Usb Connected Rotatable Globe

Introduction: Usb Connected Rotatable Globe

This project was done for a school assignment where I had to make something with an arduino. My concept was to make a physical globe thats connected to a pc which displays a virtual globe. My end goal with this project was to make something that functions like an object that you could see in a museum. Something that people can use to playfully look around the world.

2nd version left, 1st version right.

Supplies

Arduino Uno

1k ohm resistor

wires

rotary encoder

Neopixel led ring 24

globe

mdf 3mm thickness

lasercutter

3D printer

2 Bearings

Step 1: Soldering

The first step i did was solder wires to my parts. This was especially needed for the neopixel ring because there weren't any convenient connections for testing. The neopixel ring I used had it's connections flat on the backside. The ring has 4 connections. A 5v, ground, data input and output connection. Because there's only one ring in this project the data output can be left alone. The 5v and ground can be easily connected to their respective points on the arduino. But for the data input it's recommended to put in a resistor between 100 and 1k ohm.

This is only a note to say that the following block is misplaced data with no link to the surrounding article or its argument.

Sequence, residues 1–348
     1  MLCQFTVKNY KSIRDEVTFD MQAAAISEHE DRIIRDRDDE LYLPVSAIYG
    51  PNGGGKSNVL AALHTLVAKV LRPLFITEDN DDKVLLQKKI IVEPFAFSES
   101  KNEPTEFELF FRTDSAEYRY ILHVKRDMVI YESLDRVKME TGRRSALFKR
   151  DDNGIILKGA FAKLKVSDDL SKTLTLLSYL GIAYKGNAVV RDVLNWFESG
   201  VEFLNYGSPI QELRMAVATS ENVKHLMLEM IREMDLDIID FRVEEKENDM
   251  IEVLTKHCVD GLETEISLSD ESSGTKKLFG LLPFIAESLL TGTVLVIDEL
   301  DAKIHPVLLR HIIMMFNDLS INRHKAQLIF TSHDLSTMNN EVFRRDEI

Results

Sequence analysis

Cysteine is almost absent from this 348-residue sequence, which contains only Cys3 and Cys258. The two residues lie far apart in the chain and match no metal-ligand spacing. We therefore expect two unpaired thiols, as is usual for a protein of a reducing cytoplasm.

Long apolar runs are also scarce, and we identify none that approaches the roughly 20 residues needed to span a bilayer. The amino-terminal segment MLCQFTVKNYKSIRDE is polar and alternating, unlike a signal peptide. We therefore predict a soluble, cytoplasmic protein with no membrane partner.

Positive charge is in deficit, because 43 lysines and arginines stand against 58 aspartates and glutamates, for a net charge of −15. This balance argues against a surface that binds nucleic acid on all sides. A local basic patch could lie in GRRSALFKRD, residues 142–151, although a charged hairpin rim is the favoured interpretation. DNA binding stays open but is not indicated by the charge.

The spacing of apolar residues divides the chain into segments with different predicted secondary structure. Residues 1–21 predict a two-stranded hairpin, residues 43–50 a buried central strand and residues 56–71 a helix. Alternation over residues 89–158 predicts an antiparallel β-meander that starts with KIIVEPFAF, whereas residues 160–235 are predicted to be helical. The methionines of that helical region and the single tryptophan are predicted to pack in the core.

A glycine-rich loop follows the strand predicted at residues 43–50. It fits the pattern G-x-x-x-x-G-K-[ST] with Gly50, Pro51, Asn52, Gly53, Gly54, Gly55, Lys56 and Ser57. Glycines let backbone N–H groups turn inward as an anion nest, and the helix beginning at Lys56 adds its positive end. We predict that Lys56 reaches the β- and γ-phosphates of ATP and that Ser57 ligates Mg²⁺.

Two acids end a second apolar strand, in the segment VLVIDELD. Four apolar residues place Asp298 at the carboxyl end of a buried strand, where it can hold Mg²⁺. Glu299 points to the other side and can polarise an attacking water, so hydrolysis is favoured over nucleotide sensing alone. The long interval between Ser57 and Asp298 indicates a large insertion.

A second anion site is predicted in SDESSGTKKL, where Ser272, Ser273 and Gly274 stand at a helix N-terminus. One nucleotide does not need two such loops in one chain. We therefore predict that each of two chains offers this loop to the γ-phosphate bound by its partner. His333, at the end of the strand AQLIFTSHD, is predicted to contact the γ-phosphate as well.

Because I was soldering the ring anyway I decided to go ahead and solder the rotary encoder too.

Step 2: Making the Lights Work

Having soldered the lights it was time to get them working. To work with the neopixel ring I installed the adafruit neopixel library in the arduino IDE. This library has a few example projects of which I used one to test if the connections were working.

After confirming the lights were working I wrote some code that makes part of the ring light up depending on the rotation of the rotary encoder. With this code rotating the rotary encoder rotates the lights that are turned on.